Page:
When Can a Non-resident be Sued in Texas Courts Based on Its Website?
Whether as a source of information, a marketplace, or something in between, a business's website can be one of its most valuable assets. While websites endow businesses with invaluable marketing and sales benefits, many businesses are unaware of the jurisdictional consequences of their Internet presence.
Even when a business is not organized under Texas law, does not maintain an office in Texas, has never sent a representative to Texas, or has never even had a telephone conversation with someone in Texas, that business may still be subject to personal jurisdiction in Texas courts based solely on its web presence. Merely maintaining a website that may be accessed in Texas, however, does not necessarily serve by itself as grounds for personal jurisdiction.
To determine jurisdiction based solely on Internet presence, Texas courts will assess where the particular website falls along a spectrum of interactivity. In this regard, Texas courts have identified three primary types of websites: commercially active, passive, and interactive.
Commercially Active Websites
At one end of the Internet jurisdiction spectrum are parties with "commercially active" websites. These websites are clearly used to transact business over the Internet. Commercially active websites incorporate e-commerce functionality, allowing parties residing outside of Texas to enter into contracts with Texas residents in transactions involving the knowing and repeated transmission of computer files over the Internet, allowing purchase orders to be placed on the website and processed automatically.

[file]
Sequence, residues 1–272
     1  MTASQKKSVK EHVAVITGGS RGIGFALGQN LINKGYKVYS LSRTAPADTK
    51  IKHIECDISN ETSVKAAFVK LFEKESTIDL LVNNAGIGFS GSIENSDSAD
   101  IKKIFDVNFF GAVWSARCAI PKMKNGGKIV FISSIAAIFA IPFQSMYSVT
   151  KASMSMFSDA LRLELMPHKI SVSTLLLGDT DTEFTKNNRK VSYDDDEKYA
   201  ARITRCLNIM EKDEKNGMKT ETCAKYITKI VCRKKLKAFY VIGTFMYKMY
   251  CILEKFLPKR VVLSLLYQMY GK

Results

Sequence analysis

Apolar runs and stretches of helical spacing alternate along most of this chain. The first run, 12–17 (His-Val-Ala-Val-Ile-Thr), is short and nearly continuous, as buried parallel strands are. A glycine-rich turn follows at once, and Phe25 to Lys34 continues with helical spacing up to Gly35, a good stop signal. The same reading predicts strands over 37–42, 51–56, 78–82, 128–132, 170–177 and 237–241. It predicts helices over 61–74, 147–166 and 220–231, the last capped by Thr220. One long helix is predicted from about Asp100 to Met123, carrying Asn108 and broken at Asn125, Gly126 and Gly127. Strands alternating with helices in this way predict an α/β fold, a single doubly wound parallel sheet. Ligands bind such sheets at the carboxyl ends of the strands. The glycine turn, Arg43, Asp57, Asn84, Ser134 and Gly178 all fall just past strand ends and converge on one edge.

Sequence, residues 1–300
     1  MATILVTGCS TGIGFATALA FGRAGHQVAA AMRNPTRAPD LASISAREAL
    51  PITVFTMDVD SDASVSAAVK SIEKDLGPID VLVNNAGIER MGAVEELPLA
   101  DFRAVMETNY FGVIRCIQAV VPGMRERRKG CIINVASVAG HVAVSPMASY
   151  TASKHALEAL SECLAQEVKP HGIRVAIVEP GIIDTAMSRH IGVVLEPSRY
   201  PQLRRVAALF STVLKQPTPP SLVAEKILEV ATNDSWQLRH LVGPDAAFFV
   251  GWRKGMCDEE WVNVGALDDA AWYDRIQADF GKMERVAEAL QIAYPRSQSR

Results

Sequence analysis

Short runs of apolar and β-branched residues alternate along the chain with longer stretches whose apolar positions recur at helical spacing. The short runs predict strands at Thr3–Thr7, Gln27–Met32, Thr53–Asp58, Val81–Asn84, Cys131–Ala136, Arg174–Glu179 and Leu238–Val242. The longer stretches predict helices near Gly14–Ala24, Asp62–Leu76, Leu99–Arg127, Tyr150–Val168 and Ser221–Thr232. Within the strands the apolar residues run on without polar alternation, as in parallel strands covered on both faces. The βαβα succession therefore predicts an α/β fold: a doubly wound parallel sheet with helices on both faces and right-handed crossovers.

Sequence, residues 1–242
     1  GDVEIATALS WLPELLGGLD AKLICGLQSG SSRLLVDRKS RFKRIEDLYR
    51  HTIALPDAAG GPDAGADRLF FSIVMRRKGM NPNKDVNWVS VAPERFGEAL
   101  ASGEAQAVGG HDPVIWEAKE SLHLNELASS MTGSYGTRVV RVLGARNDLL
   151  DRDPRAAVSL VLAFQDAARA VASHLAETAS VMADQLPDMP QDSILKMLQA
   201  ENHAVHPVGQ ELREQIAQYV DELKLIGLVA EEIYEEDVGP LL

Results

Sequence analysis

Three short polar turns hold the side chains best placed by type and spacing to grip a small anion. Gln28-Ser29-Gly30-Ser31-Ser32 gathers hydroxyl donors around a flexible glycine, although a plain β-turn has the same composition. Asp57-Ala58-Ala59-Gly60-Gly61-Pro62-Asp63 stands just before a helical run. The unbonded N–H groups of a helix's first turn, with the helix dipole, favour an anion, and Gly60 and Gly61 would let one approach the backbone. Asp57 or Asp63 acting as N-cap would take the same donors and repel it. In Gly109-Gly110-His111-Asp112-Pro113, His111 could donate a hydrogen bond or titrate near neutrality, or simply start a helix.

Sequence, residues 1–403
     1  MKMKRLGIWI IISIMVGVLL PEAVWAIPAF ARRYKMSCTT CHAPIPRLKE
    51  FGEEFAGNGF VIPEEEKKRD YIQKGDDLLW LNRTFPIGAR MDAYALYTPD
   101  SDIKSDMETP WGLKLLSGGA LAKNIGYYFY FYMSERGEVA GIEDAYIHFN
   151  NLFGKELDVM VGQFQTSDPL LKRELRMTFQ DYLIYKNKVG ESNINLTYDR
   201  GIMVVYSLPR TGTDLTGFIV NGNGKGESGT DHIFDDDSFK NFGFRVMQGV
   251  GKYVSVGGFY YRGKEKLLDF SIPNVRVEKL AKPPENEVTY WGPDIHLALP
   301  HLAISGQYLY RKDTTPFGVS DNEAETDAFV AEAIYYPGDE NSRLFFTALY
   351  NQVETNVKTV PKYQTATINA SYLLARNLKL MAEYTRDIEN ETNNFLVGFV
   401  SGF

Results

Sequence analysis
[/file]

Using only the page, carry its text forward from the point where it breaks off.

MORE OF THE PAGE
Transactions with Texans that have actually been consummated through a web-site in sufficient quantity over a sufficiently long period of time are a factor that a Texas court may consider in determining whether the site is cornmercially active and whether the court can exercise jurisdiction over the non-resident defendant. Texas courts have held that commercially active websites will by themselves support a Texas court's exercise of personal jurisdiction over the party operating the site.
At the other end of the spectrum are parties with purely "passive" websites. These websites merely provide information to interested parties. They exist exclusively for basic identification purposes, and do not incorporate any interactive components—not even the ability to e-mail the party operating the site. Contact with Texas residents through the operation of passive websites has been considered incidental rather than purposeful by Texas courts. Accordingly, while there may be exceptions, passive web-sites generally tend to be insufficient on their own to give rise to personal jurisdiction in Texas.
In between commercially active websites and passive websites are "interactive" websites, party operating the site. When a website does not clearly fit into either the commercially active category -or the passive category, Texas courts consider a number of factors in evaluating the degree of interactivity between the parties via the site and the effect of that interactivity on personal jurisdiction. Generally, the more commercially interactive the site, the more likely it is to subject the party operating the site to personal jurisdiction in Texas.